i have always assumed that people know what i am referring to in my blog name, but perhaps this is an oversight on my part! as the issue of ‘space’, both physical and emotional, has been on my mind lately, i thought it might be a good time to explain the signifance of the blog title, and the significance of that piece of writing in my thinking.
i first read viriginia woolf’s essay ‘a room of one’s one’ when i first went to uni back in 1987.
it has stayed in my mind ever since: the idea that a woman needs “500 a year and a lock on the door” for intellectual freedom seemed so obvious, and so simple, but of course its not. intellectual freedom, personal freedom, depends on space to live, to think, to be, to feel. for all women, this is often hard enough. for women born as the eldest daughter in a dysfunctional family, ruled by a control freak mother who was the child of alcoholics, it can get downright tricky!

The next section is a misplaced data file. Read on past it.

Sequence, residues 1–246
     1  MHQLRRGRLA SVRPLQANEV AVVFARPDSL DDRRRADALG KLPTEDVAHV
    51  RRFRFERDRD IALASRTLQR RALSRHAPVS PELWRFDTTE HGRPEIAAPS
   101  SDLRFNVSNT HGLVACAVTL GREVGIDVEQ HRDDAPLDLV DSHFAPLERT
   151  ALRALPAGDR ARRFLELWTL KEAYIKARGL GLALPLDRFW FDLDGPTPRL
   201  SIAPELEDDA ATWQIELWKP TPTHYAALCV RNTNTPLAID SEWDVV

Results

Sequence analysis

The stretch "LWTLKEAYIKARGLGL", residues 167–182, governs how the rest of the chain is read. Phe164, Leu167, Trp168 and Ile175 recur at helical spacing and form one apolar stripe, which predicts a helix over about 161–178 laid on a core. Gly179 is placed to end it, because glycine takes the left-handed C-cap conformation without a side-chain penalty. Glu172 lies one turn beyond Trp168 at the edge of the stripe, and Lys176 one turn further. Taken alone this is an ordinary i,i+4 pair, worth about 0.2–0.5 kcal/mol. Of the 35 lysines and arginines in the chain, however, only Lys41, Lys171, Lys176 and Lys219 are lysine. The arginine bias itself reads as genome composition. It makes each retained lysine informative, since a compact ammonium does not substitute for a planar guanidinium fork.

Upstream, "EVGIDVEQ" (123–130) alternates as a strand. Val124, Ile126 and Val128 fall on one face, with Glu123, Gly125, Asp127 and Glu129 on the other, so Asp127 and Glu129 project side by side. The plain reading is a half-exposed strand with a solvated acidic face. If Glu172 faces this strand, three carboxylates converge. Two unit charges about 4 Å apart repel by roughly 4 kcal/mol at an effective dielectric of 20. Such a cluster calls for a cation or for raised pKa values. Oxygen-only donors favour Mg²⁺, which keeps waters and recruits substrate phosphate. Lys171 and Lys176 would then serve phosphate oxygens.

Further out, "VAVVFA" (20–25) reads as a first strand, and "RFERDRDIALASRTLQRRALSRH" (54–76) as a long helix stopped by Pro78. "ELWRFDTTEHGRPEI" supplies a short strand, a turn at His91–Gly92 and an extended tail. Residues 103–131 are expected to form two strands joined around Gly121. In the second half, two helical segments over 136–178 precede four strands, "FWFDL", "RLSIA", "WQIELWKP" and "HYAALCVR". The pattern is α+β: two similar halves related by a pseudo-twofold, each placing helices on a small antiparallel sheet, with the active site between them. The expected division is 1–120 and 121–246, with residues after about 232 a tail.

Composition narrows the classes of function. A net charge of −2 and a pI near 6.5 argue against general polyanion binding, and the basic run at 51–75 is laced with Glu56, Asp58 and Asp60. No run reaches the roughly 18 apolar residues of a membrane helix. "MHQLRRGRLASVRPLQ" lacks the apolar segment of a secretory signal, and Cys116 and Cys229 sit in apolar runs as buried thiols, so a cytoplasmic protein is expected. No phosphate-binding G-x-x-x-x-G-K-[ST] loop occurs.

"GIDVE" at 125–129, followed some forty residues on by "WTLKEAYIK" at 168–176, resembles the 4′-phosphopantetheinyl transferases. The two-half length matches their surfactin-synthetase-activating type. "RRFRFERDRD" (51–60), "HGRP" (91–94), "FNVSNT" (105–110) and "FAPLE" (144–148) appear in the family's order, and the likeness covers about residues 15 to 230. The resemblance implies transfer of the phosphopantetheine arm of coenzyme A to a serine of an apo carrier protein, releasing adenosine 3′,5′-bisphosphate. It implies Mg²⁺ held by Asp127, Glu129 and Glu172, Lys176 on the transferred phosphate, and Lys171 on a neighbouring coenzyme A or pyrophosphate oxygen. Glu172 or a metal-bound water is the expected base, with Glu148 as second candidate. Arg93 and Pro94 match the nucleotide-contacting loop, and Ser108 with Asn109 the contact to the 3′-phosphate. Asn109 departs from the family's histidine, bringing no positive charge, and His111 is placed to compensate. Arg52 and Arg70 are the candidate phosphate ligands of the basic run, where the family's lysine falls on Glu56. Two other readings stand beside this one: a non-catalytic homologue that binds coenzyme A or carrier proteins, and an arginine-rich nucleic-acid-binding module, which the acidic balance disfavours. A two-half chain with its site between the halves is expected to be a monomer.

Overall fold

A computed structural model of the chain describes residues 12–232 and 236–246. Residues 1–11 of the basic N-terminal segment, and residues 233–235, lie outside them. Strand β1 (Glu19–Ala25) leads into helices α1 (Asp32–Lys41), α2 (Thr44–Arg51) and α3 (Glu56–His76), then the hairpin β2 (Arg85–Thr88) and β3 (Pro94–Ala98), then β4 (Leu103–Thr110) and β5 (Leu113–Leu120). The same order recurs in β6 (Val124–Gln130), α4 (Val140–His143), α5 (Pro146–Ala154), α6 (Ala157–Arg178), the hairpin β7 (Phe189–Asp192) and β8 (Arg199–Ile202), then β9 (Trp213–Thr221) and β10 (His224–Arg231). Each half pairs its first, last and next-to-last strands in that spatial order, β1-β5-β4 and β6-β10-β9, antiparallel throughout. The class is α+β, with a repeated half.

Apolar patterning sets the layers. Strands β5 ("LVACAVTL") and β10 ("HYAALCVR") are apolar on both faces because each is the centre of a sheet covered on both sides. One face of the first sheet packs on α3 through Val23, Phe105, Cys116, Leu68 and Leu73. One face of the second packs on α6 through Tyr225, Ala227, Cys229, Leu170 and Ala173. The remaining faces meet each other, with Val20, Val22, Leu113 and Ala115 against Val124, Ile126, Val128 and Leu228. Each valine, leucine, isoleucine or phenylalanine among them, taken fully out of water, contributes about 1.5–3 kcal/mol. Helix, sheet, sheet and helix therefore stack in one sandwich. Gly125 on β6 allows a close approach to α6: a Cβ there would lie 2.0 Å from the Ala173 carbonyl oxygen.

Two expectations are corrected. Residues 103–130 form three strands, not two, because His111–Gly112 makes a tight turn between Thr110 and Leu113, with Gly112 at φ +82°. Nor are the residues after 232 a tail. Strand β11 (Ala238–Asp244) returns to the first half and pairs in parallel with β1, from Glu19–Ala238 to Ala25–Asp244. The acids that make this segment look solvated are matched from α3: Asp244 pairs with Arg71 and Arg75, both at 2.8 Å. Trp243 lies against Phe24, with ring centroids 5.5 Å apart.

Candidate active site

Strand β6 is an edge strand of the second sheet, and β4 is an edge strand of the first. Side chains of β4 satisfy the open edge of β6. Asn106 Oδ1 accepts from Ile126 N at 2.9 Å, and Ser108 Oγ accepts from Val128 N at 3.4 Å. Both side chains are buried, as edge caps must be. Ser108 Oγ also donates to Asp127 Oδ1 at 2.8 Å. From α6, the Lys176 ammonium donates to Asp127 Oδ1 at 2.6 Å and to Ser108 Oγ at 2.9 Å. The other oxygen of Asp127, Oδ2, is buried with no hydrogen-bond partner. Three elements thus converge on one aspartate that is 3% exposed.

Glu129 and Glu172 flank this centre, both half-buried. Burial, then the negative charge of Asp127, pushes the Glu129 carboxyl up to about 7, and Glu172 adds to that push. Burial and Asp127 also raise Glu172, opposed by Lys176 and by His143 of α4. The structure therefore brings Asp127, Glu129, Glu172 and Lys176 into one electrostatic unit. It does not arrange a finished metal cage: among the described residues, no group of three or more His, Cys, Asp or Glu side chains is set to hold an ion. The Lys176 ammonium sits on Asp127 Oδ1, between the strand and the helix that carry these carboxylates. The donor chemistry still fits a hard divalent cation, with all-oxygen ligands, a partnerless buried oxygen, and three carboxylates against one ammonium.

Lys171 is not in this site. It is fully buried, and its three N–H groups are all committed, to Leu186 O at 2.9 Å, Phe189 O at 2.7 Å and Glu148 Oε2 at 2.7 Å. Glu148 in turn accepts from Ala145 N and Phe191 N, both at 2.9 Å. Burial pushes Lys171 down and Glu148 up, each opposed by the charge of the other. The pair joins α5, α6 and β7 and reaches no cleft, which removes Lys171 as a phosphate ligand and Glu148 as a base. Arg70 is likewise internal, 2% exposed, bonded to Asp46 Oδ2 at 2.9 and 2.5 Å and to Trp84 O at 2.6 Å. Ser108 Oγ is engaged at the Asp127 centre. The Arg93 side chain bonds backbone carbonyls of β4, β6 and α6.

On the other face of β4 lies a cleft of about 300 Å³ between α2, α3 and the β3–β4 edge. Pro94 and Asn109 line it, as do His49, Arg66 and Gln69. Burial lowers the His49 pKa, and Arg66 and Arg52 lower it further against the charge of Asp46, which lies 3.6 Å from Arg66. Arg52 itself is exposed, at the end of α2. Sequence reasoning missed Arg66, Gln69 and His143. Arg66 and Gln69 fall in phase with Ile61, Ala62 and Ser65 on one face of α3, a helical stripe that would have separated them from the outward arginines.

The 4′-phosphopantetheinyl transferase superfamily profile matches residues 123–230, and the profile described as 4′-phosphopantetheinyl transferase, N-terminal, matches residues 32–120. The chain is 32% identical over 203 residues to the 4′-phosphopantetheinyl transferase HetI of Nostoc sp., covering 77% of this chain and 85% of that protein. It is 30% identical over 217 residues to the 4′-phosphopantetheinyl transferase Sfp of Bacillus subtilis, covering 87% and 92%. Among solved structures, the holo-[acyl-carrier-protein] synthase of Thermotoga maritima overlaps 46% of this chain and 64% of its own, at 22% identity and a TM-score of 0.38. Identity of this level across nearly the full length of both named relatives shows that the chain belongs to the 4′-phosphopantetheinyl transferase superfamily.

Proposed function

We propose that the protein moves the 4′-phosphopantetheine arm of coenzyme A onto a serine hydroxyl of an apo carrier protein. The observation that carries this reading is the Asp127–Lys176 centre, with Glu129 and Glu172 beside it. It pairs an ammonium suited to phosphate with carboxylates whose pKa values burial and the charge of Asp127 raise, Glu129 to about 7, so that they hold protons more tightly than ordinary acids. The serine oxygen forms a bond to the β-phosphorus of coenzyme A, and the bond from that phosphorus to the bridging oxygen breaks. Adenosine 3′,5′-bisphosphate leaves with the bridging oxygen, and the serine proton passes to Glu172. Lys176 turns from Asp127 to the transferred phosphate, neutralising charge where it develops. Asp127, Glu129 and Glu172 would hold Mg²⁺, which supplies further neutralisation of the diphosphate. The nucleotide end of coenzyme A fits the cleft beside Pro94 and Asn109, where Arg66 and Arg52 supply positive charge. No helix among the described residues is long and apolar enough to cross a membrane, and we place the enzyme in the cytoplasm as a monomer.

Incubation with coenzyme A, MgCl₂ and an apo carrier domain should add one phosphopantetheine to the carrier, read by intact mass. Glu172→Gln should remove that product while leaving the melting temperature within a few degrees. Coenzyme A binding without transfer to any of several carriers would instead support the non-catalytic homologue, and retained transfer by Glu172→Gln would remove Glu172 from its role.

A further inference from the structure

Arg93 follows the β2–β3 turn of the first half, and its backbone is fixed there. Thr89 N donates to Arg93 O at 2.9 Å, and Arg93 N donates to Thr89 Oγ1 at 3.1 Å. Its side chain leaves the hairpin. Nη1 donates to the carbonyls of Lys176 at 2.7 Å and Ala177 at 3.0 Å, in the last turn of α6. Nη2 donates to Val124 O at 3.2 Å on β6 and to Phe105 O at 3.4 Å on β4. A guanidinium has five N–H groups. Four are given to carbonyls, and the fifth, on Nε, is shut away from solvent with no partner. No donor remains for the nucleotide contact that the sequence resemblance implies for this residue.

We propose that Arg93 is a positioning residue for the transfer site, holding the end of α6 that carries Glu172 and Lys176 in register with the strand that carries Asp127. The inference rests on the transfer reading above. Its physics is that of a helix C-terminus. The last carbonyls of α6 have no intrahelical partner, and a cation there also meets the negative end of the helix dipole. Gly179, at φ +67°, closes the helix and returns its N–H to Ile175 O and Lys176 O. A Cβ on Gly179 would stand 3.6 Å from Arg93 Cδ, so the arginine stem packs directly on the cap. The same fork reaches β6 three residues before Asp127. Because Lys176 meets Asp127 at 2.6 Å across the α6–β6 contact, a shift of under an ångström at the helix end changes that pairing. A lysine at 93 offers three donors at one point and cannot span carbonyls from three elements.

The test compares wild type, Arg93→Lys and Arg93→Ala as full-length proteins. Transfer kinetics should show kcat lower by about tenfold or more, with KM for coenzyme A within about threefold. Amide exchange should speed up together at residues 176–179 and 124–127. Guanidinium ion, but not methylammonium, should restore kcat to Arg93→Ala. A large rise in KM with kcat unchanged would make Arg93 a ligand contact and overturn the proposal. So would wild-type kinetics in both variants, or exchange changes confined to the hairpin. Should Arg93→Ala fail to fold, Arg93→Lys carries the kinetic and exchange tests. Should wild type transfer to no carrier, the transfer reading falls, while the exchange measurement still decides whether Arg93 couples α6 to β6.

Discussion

i didnt get my own bedroom until i went to high school. i begged and pleaded for mum to turn her sewing room into a third bedroom, and i didnt care that i didnt have a proper door, and could hear late conversations at the dining table. i just wanted my own space. when we moved up to the country, i was thrilled to find a room that was attached to the end of one of the sleepouts and had its own door out into the paddock. i could climb from my window onto the sleepout roof and i remember sitting up there in the dark country nights tuning my little wireless into sydney radio stations more than 600kms away. i treasured and relished that space, and some of my worst childhood memories are of it being violated in some way, either my sister refusing to leave me alone, or my mother finding my diary under the mattress. for most of my early life, i felt hemmed in by the needs, demands and expectations of others, so that my whole life path was set for me in that way.